Betting on Zero

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Betting on Zero
Betting on Zero.jpg
Directed by Ted Braun
Produced by
Music by Pete Anthony
Cinematography Buddy Squires
Edited by Leonard Feinstein
Production
company
Zipper Brothers Films, Biltmore Films
Distributed by Gunpowder & Sky
Release date
Running time
98 minutes
Country United States
Language English

Betting on Zero is a 2016 American documentary directed by Ted Braun. It investigates the allegation that Herbalife is a pyramid scheme, and follows Bill Ackman's short investment in Herbalife, which is ostensibly a billion-dollar bet that the company will soon collapse.

Synopsis[edit]

The documentary follows billionaire hedge fund titan Bill Ackman and several former Herbalife distributors after Ackman takes a billion dollar short position in Herbalife, alleging it is a pyramid scheme destined to collapse. The film also chronicles Ackman's feuds with Herbalife CEO Michael Johnson and investor Carl Icahn, and the resulting controversy over both the short and Herbalife's business practices.[1]

Production[edit]

In addition to filming countless hours of cinéma vérité footage tracking Bill Ackman, anti-Herbalife activist Julie Contreras and others, Director Ted Braun approached Herbalife CEO Michael Johnson, majority investor Carl Icahn, and current Herbalife distributors, but all declined to appear on film or on record. Instead, Braun sourced archival footage of these characters.[2]

The film was produced by Zipper Bros Films, the company that produced Undefeated, winner of the 2012 Academy Award for Best Documentary Feature.[3]

Film financing[edit]

At the time of its premiere at the Tribeca Film Festival in April 2016, the financing for Betting on Zero had not been publicly disclosed. However, subsequent to the FTC formally charging Herbalife in July, 2016, John Fichthorn, co-founder of Dialectic Capital Management, revealed that he had financed Betting on Zero. Fichthorn previously held a short position in Herbalife, and when asked on CNBC's Fast Money Halftime Report if he would consider shorting the stock again he said he "absolutely" would. But since early 2014, when Betting On Zero went into production, he's had no position in Herbalife.[4] An open critic of "multi-level marketing" companies, Fichthorn's firm, Dialectic Capital, held short positions in Nu Skin and Primerica as of August 2016.[4] Bill Ackman, however, had no part in funding the film.[5] Fichthorn financed Betting On Zero through Biltmore Films, a company he co-founded along with Burke Koonce to finance and produce business and financial films.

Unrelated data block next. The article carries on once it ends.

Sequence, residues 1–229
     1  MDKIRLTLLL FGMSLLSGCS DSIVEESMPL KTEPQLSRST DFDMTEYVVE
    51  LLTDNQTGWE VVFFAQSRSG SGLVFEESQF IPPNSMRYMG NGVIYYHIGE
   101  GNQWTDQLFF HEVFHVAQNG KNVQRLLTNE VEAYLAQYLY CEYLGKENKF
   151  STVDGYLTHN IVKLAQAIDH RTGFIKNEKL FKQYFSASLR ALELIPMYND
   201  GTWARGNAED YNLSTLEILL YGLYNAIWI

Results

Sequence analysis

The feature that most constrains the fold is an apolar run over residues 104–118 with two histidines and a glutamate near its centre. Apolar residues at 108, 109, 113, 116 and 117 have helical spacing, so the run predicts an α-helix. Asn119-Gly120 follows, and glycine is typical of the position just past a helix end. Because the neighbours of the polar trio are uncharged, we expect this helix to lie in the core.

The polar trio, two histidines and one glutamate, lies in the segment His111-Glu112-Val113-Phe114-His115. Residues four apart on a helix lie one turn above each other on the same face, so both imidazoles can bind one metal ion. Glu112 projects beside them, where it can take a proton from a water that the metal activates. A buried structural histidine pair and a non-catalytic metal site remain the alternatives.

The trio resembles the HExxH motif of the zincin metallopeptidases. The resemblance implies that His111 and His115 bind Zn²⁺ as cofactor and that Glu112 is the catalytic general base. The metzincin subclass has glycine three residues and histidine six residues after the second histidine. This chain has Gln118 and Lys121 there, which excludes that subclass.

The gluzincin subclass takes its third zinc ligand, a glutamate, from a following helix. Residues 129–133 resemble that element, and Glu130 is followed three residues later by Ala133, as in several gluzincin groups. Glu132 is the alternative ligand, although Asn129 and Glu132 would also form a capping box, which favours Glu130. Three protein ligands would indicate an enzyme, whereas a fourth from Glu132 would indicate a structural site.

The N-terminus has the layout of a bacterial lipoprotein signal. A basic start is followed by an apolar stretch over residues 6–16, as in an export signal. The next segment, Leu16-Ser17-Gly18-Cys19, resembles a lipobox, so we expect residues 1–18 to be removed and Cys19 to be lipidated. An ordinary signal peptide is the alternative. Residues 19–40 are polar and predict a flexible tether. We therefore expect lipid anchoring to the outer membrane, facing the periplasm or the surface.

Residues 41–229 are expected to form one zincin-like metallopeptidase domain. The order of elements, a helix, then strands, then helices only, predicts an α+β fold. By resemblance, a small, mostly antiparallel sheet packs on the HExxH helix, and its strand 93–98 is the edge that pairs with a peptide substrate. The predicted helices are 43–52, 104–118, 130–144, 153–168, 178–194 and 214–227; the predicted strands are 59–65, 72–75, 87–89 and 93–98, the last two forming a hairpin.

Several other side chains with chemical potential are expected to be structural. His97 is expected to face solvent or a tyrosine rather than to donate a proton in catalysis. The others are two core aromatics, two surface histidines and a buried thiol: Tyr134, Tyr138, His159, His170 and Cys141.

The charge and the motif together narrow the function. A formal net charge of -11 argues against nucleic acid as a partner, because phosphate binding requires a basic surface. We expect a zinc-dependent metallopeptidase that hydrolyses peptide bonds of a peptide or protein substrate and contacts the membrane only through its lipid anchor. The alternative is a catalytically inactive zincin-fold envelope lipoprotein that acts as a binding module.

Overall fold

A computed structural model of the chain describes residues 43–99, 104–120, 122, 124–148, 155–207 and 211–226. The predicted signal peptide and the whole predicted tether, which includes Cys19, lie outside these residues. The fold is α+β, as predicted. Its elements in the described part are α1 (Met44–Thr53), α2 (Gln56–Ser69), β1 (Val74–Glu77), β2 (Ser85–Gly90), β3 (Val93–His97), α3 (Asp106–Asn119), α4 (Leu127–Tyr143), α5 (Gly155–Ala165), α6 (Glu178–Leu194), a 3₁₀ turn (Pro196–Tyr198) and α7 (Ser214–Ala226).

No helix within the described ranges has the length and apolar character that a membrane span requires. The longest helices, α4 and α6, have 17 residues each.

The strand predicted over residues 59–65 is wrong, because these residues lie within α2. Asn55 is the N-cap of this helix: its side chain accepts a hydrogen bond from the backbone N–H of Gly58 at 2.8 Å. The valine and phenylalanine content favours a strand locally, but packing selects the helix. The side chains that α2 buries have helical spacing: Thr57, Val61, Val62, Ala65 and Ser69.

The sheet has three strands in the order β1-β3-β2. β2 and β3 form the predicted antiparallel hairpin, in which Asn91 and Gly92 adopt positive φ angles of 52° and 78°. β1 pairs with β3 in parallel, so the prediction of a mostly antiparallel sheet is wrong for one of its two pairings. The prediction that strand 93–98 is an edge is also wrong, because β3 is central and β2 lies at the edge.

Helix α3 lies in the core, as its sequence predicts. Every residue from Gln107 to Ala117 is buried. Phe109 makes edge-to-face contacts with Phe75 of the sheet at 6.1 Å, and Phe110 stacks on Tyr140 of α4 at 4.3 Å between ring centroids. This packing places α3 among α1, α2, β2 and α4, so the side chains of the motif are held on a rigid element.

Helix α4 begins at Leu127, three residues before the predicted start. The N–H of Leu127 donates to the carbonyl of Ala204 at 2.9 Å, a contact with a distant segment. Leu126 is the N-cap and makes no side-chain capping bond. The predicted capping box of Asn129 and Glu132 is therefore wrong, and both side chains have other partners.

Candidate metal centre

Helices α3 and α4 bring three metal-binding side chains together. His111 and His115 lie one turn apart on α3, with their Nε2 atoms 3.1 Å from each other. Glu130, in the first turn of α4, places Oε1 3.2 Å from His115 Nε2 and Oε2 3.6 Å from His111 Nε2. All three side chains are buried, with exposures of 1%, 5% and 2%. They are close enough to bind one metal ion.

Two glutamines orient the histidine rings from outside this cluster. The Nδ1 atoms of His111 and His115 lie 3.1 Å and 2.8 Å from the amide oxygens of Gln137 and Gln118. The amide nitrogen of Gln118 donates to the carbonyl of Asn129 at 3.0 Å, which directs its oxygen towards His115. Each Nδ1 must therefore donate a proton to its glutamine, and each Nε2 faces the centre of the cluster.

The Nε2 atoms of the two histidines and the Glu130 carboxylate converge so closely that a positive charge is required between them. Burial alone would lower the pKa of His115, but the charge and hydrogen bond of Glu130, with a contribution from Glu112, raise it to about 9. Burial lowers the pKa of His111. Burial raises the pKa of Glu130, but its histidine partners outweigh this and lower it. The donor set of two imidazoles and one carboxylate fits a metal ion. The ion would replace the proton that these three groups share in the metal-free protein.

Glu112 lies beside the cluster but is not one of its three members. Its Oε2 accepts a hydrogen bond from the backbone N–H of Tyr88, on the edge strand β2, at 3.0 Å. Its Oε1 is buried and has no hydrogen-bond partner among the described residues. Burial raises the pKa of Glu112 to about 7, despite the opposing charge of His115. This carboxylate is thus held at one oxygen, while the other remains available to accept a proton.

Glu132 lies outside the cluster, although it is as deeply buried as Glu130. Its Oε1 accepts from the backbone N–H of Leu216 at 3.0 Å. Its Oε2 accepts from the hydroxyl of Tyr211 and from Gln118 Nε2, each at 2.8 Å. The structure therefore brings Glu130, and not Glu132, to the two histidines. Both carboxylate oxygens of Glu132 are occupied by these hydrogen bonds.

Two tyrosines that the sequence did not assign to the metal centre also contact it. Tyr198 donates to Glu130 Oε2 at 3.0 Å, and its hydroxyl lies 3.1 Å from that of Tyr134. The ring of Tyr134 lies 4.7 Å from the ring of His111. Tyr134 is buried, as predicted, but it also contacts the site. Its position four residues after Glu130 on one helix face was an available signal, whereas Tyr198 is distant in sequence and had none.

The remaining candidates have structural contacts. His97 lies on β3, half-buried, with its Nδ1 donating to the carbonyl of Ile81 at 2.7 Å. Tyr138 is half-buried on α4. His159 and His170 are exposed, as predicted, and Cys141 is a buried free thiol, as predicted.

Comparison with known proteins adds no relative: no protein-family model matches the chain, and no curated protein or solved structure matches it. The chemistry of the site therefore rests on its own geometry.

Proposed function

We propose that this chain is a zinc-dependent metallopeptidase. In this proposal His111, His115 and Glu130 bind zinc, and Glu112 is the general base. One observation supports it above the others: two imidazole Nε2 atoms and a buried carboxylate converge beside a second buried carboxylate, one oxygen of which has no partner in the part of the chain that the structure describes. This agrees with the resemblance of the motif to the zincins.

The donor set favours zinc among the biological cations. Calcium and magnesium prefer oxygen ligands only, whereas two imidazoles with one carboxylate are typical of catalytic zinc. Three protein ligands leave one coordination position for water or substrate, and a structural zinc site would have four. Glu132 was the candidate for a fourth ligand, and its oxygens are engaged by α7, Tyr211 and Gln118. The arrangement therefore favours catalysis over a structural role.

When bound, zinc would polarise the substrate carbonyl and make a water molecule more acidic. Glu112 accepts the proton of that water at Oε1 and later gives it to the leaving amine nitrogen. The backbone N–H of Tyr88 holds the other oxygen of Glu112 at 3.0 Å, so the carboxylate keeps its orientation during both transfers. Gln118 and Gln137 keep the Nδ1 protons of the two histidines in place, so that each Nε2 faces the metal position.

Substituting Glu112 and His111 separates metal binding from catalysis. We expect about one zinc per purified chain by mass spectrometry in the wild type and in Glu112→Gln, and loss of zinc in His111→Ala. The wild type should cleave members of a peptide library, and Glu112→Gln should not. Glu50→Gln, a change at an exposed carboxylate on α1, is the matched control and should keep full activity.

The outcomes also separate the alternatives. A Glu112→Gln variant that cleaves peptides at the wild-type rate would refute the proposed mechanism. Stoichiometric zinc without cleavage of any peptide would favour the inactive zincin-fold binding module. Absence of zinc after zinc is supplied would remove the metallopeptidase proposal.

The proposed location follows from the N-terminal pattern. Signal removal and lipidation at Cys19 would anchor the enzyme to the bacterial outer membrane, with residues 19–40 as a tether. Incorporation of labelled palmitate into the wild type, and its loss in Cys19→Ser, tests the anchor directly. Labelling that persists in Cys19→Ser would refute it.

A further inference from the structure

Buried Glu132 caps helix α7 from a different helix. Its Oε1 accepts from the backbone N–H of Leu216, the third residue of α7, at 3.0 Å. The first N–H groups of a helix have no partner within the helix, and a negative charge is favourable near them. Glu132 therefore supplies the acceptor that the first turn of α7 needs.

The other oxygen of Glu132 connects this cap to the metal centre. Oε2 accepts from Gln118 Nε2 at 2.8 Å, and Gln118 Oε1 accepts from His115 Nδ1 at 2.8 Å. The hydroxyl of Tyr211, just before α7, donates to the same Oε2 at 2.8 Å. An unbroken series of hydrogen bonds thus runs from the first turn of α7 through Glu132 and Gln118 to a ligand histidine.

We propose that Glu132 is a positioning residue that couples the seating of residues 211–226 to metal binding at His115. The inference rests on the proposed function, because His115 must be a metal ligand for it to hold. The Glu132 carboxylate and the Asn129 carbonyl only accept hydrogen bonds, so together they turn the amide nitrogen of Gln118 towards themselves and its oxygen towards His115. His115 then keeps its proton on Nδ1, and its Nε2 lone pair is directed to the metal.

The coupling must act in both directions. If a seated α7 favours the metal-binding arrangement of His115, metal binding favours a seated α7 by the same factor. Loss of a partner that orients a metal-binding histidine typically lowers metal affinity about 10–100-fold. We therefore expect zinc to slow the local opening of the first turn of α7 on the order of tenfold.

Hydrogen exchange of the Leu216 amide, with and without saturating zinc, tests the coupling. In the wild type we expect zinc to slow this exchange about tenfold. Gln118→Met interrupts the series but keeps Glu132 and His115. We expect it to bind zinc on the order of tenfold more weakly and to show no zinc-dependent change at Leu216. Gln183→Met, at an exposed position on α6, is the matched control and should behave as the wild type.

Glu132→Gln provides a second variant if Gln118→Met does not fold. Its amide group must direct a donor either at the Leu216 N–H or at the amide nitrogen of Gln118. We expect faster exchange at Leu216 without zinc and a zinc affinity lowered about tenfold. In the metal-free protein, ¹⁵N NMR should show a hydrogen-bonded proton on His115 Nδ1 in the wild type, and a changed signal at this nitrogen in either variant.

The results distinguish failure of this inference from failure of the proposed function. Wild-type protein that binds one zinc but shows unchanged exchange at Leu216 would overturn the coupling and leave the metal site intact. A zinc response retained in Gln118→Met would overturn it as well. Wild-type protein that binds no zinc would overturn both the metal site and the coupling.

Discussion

Controversy[edit]

It was reported that Podesta and Partners, a lobbying firm run by Heather Podesta and retained by Herbalife bought 173 tickets to an October 2016 screening of Betting On Zero at the Washington D.C. Double Exposure Investigative Film Festival in an attempt to keep the theater empty.[6] This attempt by Podesta to subvert the screening was later lampooned by comedian John Oliver on the November 6, 2016, episode of Last Week Tonight.[7]

Herbalife and others have openly criticized the film, arguing that the film ignores Ackman’s questionable tactics, including his requests that government regulators shut down Herbalife.[8] Herbalife also registered the movie's title as a domain (bettingonzero.com) and bought placement on Google's search engine for an ad (Betting on Zero Movie | A Misleading Infomercial | bettingonzero.com‎ Paid For By A Billionaire Hedge Fund Manager), leading searchers to a web page with their rebuttal of the criticisms of the movie.[9]

Release[edit]

After premiering at the 2016 Tribeca Film Festival, Gunpowder & Sky Distribution, formerly FilmBuff, secured distribution rights and planned a theatrical release in early 2017.[10]

Reception[edit]

The film has been widely acclaimed, holding a 100% positive rating on RottenTomatoes.[11] Fionnuala Halligan of Screen Daily wrote, "Even if it tells the age-old story of the filthy rich getting richer and the poor going nowhere, Betting on Zero is still rather shocking."[12] Kimber Myers of IndieWire rated it a letter grade of "B" and wrote, "Betting on Zero takes a matter-of-fact approach to its material, but it makes a convincing and sometimes emotional argument against Herbalife."[13] John Fink of The Film Stage commented, “The film evangelizes Ackman’s position and, in a certain context, can be seen as another prong in his attack on global nutritional multi-level marketing firm Herbalife. This, of course, is only a danger if you ignore the evidence presented by the film and your own gut instinct.” [14]

References[edit]

External links[edit]